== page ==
And boom, you have a city.
    Why does an apartment manager even need to be hired? Can rooms not be set aside for the specific purpose of sleeping and maybe a couple for entertainment (ie tv/movies, pool, whatever) Its not like the congressmen have to live there 24/7/365. And even if you do hire someone to take care of those apartments why do they have to live there to do so? Can't they commute to thier job just like everyone else? Assuming of course that a congressmen would even need to stay in DC overnight.

    As for food, Congress currently has a service that provides them with food. Cooks can be hired to work in kitchens to provide for food. Again, they can commute.

    No need for a wal-mart. Supplies can be carted in just like regular buisnesses carts them into thier store. IE buy the needed supplies and store them in appropriate areas.

    If anything needs built then the contractors can commute to the job site just like they do with any other job site.

    If medical assistance is needed there can be a hospital staff available...they can commute just like other hospital's staff does.

    See, thats the thing about the wonderful transporation methods we have available to us today. People can commute. DC after all only has 61 miles worth of landmass. You can drive across it in 1 hour easily. So at most people that regularly worked in DC would have to drive 2 hrs, just to get to work...only would take minuets to get to from one agency to another if everything was in close proximity. Hell, I live in an area where it is common to drive 3 hours to work every day (sometimes more depending on the work). Another advantage that commuters would have is that they would be able to get to work alot easier due to less traffic compared to what a city has.
    I have an answer for everything...you may not like the answer or it may not satisfy your curiosity..but it will still be an answer. ~ Kal'Stang

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  6. #146
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    Re: New states?

    Quote Originally Posted by Kandahar View Post
    Classy. At least you're honest about your desire to impose dictatorship on anyone whom you disagree with politically. And I'm sure there's nothing at all racist about your comment that we don't want people to vote who "add to the welfare rolls." Why, nothing could be farther from your mind, right?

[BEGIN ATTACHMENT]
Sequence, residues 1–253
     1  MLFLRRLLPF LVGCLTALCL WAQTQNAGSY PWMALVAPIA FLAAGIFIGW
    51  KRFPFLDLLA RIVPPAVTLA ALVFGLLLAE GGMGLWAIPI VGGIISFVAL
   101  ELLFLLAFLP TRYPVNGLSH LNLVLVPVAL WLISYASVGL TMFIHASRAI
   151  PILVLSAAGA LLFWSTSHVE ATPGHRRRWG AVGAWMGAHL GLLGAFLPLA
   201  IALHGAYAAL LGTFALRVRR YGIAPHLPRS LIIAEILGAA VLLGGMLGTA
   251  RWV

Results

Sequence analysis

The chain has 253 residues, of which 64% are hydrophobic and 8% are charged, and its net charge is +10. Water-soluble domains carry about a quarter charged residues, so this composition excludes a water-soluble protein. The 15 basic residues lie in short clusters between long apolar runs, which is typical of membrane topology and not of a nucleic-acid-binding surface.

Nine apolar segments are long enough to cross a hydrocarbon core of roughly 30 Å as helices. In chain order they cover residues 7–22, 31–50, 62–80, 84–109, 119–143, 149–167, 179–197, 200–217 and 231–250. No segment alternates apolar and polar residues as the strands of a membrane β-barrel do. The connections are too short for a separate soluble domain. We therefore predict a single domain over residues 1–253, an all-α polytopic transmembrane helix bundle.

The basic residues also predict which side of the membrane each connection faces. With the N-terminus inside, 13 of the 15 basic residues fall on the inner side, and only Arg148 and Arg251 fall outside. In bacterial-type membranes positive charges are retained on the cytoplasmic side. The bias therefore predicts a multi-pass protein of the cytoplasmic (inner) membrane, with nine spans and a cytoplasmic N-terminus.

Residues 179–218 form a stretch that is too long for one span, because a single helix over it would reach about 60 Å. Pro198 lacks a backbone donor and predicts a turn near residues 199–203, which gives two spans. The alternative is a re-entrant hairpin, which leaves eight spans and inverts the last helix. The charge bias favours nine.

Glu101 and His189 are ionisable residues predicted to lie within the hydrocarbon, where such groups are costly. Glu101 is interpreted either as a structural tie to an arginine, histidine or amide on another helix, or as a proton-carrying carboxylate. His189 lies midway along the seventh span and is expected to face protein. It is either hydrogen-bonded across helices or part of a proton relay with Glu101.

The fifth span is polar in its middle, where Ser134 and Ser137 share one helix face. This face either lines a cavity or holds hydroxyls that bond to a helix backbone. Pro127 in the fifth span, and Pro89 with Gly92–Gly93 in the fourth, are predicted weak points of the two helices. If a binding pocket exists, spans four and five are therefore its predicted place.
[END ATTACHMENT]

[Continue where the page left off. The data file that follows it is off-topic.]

What does racism have to do with voting or "adding ot the welfare rolls"? I didn't realize that liberals were considered a race now?
    I have an answer for everything...you may not like the answer or it may not satisfy your curiosity..but it will still be an answer. ~ Kal'Stang

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  7. #147
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    Re: New states?

    Quote Originally Posted by Kandahar View Post
    Classy. At least you're honest about your desire to impose dictatorship on anyone whom you disagree with politically. And I'm sure there's nothing at all racist about your comment that we don't want people to vote who "add to the welfare rolls." Why, nothing could be farther from your mind, right?
    I see you Radical Liberals still make up things and think you're clever in your distortions and lies.

    We can't afford either more stupid Liberals or people on welfare.

    You Liberals think it's okay to take from workers and give to free loaders.

    How do you starve an
    Obama supporter or
    other Liberal?

    Hide their food stamps
    under their work shoes.
    Last edited by Councilman; 07-08-11 at 06:05 AM.

  8. #148
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    Re: New states?

    Or just take away 600,000 people's right to vote.
    A history of knowledge will not make us clever for the next time, but wise forever.
    -Jacob Burckhardt.

  9. #149
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    Re: New states?

    Quote Originally Posted by Councilman View Post
    I see you Radical Liberals still make up things and think you're clever in your distortions and lies.

    We can't afford either more stupid Liberals or people on welfare.

    You Liberals think it's okay to take from workers and give to free loaders.

    How do you starve an
    Obama supporter or
    other Liberal?

    Hide their food stamps
    under their work shoes.
    let us know when you're done baiting, k?

  10. #150
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    Re: New states?

    Quote Originally Posted by Kal'Stang View Post
    The benefits that flow into DC right now is there because the rest of the country decided that DC needed those benefits. However if there were sitting senators for DC then they would get more than other states. How would this happen you no doubt would ask? Simple. The state would have the authority to kick the government head quarters out of their state. That threat, or even implied thread, alone would gain favortism.
    1. That would be a totally empty threat. No one would believe that DC would kick the federal government out, as it is dependent on those jobs for a substantial portion of its economy.
    2. Most of DC could become a state, while the actual federal district could simply be reduced to the National Mall, where the seat of the government is actually located. Then DC would have a democracy and they would still have no control over the federal goernment's operations. Problem solved.
    3. Actual states ALREADY do this. Maryland and Virginia have TONS of federal agencies.

    While states are obligated under the Constitution to follow what the Federal government says there is nothing in the Constitution which gauruntee's the federal government land inside state borders. Indeed Utah is currently attempting to take back land inside its borders from the federal government. Which from what I have been hearing is likely to be upheld by the courts.